Building effective teams requires building self-leaders. Let’s start with teams first.
Is it better for organizations to be more like a natural (wild) garden or an orchestra? One of these models is not better than the other—they reflect different purposes. A natural garden has beauty, freedom of expression, and individuality that cannot be reproduced in any other way.
On the other hand, an orchestra is almost an extreme opposite. Musicians in the orchestra have submitted themselves to rigorous lifelong disciplines of mastering an instrument. An organization can reflect the garden’s individuality or the orchestra’s precision.
One challenge for building a great organization is having enough structure in a well-defined mission, vision, and strategy to attract people who want to “join the orchestra” and develop enough discipline within a collaborative framework for people to work together toward common goals WITHOUT stifling the individuality and creativity of human potential.
After forty years of working in, for and with many organizations it appears the ones that continue to be effective as they grow view their organization as a collection of small teams that collaborate effectively. These teams may be a functional group (like the sales team). They form a “natural” group that has shared goals and the expertise required to meet those goals.
There are other types of teams that are “cross-functional” that involve people from several departments such as those driving large change initiatives, or those assembled to execute projects. There is also a senior leadership team, which defines the score of music to be played by the organization as a whole.
Assume that organizational success requires two things: teams to work together successfully, and individuals to work together productively. Most people would agree that the formula for teamwork is some combination of:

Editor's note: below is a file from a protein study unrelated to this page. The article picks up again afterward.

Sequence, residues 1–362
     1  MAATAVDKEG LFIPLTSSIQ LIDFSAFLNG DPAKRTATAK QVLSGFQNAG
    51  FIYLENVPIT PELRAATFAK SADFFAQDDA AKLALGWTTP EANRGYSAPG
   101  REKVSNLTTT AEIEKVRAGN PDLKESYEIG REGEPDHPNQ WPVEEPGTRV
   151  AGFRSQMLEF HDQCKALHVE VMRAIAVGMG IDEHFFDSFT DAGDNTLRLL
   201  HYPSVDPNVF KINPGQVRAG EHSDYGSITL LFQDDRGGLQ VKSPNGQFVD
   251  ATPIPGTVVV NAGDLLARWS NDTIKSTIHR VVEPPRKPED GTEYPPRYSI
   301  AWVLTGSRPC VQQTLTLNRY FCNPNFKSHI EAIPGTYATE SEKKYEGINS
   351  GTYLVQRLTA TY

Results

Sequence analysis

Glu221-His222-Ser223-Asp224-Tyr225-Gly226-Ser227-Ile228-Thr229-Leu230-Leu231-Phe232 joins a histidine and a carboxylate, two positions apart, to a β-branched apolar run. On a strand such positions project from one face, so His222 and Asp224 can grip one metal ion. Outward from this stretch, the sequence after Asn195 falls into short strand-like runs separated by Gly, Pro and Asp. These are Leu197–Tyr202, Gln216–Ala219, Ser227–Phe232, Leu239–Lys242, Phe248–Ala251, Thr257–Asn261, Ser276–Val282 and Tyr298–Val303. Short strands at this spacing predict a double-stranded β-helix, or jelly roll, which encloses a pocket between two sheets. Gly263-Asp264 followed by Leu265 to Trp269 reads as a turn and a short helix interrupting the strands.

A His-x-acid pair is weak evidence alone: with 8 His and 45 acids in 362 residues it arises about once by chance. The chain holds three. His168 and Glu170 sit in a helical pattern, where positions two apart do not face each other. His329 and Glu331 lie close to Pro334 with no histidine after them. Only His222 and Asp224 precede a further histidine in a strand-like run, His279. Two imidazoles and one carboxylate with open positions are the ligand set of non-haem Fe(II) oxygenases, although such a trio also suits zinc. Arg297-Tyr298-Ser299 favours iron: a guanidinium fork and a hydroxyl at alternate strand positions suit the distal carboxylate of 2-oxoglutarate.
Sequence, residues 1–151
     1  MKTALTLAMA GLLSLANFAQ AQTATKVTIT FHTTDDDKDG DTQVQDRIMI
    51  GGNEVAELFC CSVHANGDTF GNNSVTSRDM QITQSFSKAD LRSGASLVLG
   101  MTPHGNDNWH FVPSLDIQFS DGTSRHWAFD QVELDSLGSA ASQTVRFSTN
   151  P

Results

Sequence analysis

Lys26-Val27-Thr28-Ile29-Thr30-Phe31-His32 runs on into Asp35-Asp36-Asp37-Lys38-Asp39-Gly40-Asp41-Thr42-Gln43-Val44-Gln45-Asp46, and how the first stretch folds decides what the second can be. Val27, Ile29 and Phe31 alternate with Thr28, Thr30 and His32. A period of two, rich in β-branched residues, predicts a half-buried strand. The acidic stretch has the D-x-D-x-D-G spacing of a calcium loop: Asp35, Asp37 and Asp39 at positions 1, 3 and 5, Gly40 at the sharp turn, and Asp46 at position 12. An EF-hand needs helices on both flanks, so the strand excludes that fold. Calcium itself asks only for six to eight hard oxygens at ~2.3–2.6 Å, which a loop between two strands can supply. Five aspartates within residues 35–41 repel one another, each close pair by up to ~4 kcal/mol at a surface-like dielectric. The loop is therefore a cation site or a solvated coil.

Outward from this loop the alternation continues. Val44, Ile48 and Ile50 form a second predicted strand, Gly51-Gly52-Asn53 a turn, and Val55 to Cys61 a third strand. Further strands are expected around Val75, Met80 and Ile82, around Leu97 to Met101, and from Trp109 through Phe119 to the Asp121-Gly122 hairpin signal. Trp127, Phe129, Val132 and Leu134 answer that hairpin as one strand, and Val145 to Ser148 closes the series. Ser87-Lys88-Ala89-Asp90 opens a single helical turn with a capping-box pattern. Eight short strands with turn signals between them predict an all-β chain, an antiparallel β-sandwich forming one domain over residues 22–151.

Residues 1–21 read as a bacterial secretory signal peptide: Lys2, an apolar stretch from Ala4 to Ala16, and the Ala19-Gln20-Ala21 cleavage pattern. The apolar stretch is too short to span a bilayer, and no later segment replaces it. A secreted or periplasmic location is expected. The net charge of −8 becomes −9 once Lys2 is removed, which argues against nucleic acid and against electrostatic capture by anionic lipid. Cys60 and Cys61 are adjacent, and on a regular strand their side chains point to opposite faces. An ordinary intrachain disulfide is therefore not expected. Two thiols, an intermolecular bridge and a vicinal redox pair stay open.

- Shared purpose
- Getting the right people on the team
- Adequate resources
- Project management
However, there is one other requirement that is so important that it is worth identifying separately: TRUST. Teams cannot function well if team members cannot depend on each other to know their responsibilities and to fulfill them. If a team member doesn’t have the ability (competence and character) to develop and deliver a plan it affects the entire team. Delays occur, work is reassigned, error levels go up, and dissatisfaction increases.
We define “self-leadership” as:
1. Understanding one’s role/purpose in the organization
An individual that takes responsibility to understand the purpose of the organization, department or project they are working within and how their individual purpose fits in with that is a valuable asset. They are proactive about figuring this out, and they don’t blame others for lack of clarity. They ask questions until they gain understanding.
2. Having integrity to that purpose (responsible, accountable)
Delivering on what you promise—that’s integrity. Having the character and competence to define requirements (a problem or responsibility) well means knowing your own capabilities well enough to estimate effort and schedule and know when you need help. It means “taking ownership” or responsibility so that others don’t have to focus on that particular deliverable.
3. Enabling self-leadership in others
It is not enough for an individual to deliver their own results – they have to have accountability and transparency to enable others to be self-leaders as well. This means communicating early and often, spotting problems early, and displaying an attitude that builds teamwork.
People are not born self-leaders. They have to learn how to develop professional skills, analyze problems, define goals, and develop strategies for meeting them. They have to figure out how to innovate and work with others to overcome changes and surprises. Although classroom training is helpful, most self-leadership is developed “on-the-job.”